• Mark Barnes is a veteran teacher, adjunct professor, international education presenter, and leading authority on student-centered learning and technology integration. He is the creator of the Results Only Learning Environment (ROLE), a progressive, student-centered classroom that eliminates all traditional teaching methods, including grades. While transforming his classroom into a ROLE, Barnes has also revolutionized K–12 web-based instruction by bringing private student websites into his classroom—an extension of school into cyberspace. He is the author of the ASCD book Role Reversal: Achieving Uncommonly Excellent Results in the Student-Centered Classroom and ASCD Arias publication The 5-Minute Teacher: How do I maximize time for learning in my classroom? Connect with Barnes on Twitter @markbarnes19.
  • Kevin Parr is a 4th grade teacher at Abraham Lincoln Elementary School in Wenatchee, Washington, with degrees in environmental science and elementary education. As a Peace Corps volunteer in Guatemala, he realized his passion for teaching and working with children. A 2014 ASCD Emerging Leader, he is also a regular guest blogger for the Whole Child Blog and Inservice. Connect with Parr on Twitter @mrkevinparr.
  • Allison Rodman is a 2013 ASCD Emerging Leader, instructional coach, and professional development facilitator who is committed to connecting teachers and administrators to the resources necessary to improve student achievement for all learners. A former social studies and alternative education teacher, she is currently the director of teaching and learning for Mariana Bracetti Academy Charter School, a K–12 Title I school in Philadelphia, Pennsylvania. Connect with Rodman on Twitter @thelearningloop.
  • Joan Young is a teacher and therapeutic coach with 10 years of teaching experience in elementary classrooms and 25 years of experience tutoring students of all ages. She specializes in working with students who need extra support in self-regulation and executive functioning skills. Her principle interests include the application of positive psychology to education, how resilience can help children who have experienced trauma and loss, mindfulness in schools, and teaching through multiple modalities. She is the author of the new ASCD Arias publication Encouragement in the Classroom: How do I help students stay positive and focused? and the blog Finding Ways for All Kids to Flourish. Connect with Young on Twitter @flourishingkids.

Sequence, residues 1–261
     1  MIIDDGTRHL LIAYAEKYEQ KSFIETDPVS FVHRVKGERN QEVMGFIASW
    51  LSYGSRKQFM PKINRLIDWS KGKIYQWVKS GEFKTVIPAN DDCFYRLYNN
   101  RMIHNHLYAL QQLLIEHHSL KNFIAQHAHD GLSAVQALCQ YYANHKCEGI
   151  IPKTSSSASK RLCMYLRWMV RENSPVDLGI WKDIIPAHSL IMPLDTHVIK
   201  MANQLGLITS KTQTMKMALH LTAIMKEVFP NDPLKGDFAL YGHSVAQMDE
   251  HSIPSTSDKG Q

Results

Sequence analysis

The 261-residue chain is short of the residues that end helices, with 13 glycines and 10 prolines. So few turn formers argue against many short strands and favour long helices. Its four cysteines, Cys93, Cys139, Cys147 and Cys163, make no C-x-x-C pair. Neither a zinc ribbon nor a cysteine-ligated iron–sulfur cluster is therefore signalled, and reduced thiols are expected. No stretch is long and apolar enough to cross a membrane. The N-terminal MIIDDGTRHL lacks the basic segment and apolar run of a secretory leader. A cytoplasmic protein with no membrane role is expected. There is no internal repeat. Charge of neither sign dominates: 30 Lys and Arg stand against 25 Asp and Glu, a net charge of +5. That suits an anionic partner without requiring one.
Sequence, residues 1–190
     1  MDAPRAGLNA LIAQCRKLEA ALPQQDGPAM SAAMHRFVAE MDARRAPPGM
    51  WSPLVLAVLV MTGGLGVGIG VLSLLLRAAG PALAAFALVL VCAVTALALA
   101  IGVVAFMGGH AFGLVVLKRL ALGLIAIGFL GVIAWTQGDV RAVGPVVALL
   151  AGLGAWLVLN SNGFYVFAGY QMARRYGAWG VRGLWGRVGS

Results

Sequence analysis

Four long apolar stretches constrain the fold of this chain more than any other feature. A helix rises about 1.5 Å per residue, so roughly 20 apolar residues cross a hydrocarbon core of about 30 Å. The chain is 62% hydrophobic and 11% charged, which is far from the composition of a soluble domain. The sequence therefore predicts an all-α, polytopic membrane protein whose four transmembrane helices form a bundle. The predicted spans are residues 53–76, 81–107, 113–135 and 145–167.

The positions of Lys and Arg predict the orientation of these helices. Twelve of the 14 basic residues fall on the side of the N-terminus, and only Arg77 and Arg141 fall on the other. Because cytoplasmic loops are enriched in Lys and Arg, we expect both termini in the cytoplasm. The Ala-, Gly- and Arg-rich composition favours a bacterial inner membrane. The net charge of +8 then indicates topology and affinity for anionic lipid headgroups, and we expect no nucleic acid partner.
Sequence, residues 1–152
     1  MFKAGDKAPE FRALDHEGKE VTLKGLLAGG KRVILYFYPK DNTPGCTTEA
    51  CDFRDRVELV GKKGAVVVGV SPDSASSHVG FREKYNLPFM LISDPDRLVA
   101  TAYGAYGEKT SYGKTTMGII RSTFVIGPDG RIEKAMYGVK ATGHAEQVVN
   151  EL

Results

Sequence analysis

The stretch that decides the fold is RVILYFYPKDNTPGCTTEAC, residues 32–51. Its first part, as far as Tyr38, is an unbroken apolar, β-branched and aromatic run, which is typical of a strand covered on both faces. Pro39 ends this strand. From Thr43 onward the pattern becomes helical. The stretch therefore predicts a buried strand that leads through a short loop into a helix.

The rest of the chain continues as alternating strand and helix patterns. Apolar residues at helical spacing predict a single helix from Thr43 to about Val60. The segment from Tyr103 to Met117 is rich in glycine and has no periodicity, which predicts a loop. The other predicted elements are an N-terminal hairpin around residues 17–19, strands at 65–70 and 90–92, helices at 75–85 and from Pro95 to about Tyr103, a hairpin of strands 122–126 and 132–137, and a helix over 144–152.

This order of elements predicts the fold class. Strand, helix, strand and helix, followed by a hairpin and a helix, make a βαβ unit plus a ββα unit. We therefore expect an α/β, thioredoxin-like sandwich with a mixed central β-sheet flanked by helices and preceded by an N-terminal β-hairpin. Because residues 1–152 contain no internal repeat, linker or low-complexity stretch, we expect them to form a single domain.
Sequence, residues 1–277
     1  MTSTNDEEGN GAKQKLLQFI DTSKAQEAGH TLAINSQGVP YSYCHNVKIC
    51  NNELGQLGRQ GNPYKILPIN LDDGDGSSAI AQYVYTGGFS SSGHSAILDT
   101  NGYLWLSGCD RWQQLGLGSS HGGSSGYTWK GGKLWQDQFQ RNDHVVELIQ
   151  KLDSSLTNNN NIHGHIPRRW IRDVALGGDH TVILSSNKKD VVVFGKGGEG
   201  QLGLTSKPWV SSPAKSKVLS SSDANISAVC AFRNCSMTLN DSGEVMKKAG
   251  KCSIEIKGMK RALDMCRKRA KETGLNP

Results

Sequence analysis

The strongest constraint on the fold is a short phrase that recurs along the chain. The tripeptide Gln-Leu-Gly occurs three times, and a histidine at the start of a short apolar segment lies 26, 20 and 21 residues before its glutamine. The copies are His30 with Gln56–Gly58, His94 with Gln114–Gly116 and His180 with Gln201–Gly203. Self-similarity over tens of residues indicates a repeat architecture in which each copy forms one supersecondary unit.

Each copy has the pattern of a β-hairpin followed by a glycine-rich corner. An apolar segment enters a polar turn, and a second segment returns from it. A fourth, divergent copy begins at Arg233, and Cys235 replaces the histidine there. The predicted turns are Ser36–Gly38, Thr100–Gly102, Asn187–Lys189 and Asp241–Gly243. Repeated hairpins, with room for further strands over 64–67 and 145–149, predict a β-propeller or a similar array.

Learn how other educators make a difference in students' lives and learning with the summer 2014 issue of Educational Leadership magazine, available beginning June 16. This digital issue gives you instant access to stories about individuals, teams, schools, and even a U.S. state that are passionate about teaching and learning. In a series of videos, you'll hear from Robyn Jackson, Baruti Kafele, Doug Fisher, Jeffrey Benson, Michael Ford, Marilee Sprenger, Myron Dueck, Mike Fisher, and Eric Sheninger on becoming a teacher and how they make a difference.

Access these articles and videos—and many others—to inspire you over the summer. Download the free Educational Leadership app in iTunes, Google Play, or the Amazon Appstore. If you do not currently receive Educational Leadership magazine, subscribe now to stay informed about new ideas and best practices for educators.

How do you know when you’ve made a difference in a student's life?

Laura Varlas

Daniel Pink: Perfecting Your Power to Move Others

Daniel Pink - 2014 ASCD Annual ConferenceEducators teach, lead, and are learners, themselves. But there's a big piece of every profession that often gets overlooked. In his 2014 ASCD Annual Conference opening general session, author Daniel Pink argued that, in a significant way, educators are also persuaders.

"A big part of what you do is try to move people," said Pink.

Pink surveyed 7,000 full-time, adult workers and found that American professionals spend 41 percent of the work day, or 24 minutes of every hour, persuading people to give up something they value for something you can offer.

As educators, this may mean trying to make a convincing appeal for certain state or district policies, persuasively leading your teachers to adopt a new curriculum or instructional approach, or motivating your students to practice close reading.

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Klea Scharberg

Throughout Summer: Making a Difference

Ask educators why they went into teaching, and the majority will respond that they wanted to make a difference in the lives of young people. That initial idealism, however, is often challenged by the realities of heavy workloads, classroom discipline problems, and bureaucratic demands. How are you (and your teams) working to ensure that each child in your school and community is healthy, safe, engaged, supported, and challenged?

Join us throughout the summer as we look at why we teach and what inspires us. From building meaningful relationships or designing innovative programs that help students overcome challenges to raising academic achievement, supporting students' emotional and physical health and safety, building partnerships with parents, and advocating for education reform, we are taking steps to focus on the whole child project-by-project, classroom-by-classroom, and school-by-school.

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ASCD Whole Child Bloggers

Honoring Maya Angelou’s Call To Be Somebody’s Rainbow

Maya AngelouIn March 2013, Maya Angelou greeted 10,000 ASCD Annual Conference attendees in Chicago, Ill., with a song of hope and gratitude:

"When it looked like the sun wouldn’t shine anymore, God put a rainbow in the cloud."

It's not just that we have rainbows in the sky, but in the clouds themselves, she explained. So that even when it seems like the rain won't let up, we have something there to encourage us.